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Offshoring: A view from both shores

Wipro Technologies CEO Vivek Paul is a U.S. citizen who also happens to spearhead outsourcing efforts for one of India's biggest IT companies.

Vivek Paul occupies a unique vantage point in the controversy roiling the technology industry over offshore outsourcing.

An American citizen, Paul also is a native of India and chief executive officer of Wipro Technologies, one of that country's largest IT service companies. Many American techies are increasingly bitter about the pickup in the stream of IT jobs from the United States to India, arguing that the trend threatens to erode job prospects in the nation's high-tech sector. At the same time, however, members of the Bush administration and a number of economists argue that the natural flows of capital can't be artificially stopped at the borders and that outsourcing is essential to improving corporate productivity.

Paul, who became a U.S. citizen in 1991, recently spoke with CNET News.com about the growing fear in many quarters that offshore outsourcing will undermine U.S. tech leadership.

Q: What is your response to people who fear the U.S. is losing its technology leadership because of offshore outsourcing?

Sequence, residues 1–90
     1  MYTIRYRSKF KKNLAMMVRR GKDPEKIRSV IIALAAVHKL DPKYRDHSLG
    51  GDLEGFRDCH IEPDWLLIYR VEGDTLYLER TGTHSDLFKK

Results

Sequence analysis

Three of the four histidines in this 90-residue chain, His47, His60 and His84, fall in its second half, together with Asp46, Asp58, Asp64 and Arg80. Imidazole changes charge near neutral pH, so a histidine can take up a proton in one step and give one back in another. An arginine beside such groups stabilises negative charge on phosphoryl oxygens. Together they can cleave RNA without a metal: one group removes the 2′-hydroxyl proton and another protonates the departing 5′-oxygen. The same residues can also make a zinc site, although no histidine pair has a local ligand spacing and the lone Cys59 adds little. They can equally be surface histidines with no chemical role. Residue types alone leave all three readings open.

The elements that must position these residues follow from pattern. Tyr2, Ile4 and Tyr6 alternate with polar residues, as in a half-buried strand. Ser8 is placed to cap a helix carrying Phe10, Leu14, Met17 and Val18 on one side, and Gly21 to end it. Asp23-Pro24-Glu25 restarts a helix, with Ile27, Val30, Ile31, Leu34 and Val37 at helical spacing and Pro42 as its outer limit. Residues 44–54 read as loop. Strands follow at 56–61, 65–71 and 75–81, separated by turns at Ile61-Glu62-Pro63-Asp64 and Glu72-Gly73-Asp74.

A: That is really befuddling, because the U.S. is only securing its technological competitive advantage. (Look at) patents that have been written by Indian software engineers in Wipro. The individual engineers get the credit; the ownership is the customer's. So in some sense, U.S. technology companies are racing out ahead of their global peers to tap into the intellectual base that is in India. If the U.S. were to repel it in some way, it would create its future competitor. By embracing and directing it, the U.S. has pre-empted competition.

But if some of the programming jobs that are lower-level jobs go to an Infosys or Wipro--in application development, application and maintenance type work--how are you are going to get the expertise that will later lead to higher-level jobs?